We’re all familiar with the idea of writing for the Audience of One, but when you start to think about publishing your work, you do have to think of others. To use the marketing term, it’s your target market. Your readers.
Marketing experts will tell you the best way to reach a market is to be part of it. This is especially true for writers. Even if you can’t literally be part of your target market — for example, if you’re a grown-up writing for teens — you can still be part of their circle by hanging out with them and understanding their needs.
In my case, I very firmly write for people like me.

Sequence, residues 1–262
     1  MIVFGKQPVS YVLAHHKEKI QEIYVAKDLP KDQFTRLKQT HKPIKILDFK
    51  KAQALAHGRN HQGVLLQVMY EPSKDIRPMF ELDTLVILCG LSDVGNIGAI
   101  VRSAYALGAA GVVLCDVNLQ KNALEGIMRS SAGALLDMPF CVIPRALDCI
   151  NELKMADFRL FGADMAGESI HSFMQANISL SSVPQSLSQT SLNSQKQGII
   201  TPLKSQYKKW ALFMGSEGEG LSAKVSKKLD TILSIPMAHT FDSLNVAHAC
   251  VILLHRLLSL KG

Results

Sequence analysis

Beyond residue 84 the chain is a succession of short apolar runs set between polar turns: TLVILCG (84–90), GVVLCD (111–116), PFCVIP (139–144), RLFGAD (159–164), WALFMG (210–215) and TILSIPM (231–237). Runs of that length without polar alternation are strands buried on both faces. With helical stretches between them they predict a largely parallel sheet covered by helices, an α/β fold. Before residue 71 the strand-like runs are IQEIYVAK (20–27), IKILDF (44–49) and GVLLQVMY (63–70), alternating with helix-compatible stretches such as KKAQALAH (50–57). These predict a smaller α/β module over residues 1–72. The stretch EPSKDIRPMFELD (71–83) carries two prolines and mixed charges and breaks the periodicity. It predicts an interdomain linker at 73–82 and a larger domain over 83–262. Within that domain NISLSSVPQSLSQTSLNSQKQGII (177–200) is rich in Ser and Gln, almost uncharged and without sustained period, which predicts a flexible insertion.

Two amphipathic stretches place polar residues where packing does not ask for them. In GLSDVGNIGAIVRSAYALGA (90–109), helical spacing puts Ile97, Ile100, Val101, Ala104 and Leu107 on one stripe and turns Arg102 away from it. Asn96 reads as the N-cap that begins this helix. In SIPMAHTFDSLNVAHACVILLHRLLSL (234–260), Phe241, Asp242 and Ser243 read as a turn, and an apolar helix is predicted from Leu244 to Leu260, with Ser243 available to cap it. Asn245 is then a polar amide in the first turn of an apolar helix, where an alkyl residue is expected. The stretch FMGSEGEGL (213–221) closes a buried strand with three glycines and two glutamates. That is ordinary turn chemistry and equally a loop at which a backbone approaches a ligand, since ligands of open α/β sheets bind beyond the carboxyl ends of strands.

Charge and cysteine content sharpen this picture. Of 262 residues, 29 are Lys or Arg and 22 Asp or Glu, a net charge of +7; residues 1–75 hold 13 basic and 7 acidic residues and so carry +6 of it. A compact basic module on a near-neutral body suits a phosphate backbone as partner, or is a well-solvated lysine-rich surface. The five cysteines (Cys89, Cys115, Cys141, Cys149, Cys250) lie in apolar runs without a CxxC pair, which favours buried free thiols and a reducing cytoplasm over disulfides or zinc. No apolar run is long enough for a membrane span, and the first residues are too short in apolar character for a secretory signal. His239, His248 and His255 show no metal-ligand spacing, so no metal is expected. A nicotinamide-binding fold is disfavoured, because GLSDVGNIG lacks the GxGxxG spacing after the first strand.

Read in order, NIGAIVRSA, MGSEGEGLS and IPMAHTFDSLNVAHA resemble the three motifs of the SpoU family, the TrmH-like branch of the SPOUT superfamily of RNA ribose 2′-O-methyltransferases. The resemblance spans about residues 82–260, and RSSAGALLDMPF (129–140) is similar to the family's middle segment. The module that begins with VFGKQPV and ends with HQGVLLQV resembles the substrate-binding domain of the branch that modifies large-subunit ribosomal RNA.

A critique partner once commented on a scene in my contemporary novel, Hope and Pride, in which the hero, an artist, has drawn a picture titled Stopping by Woods. After we read the passage, she looked at me and asked, “Will the average reader understand a reference to Robert Frost?”
I answered, “I think I can safely say that my target market is ‘people who will understand a reference to Robert Frost.’”
Don’t write for marketers. Write for readers. You know who they are.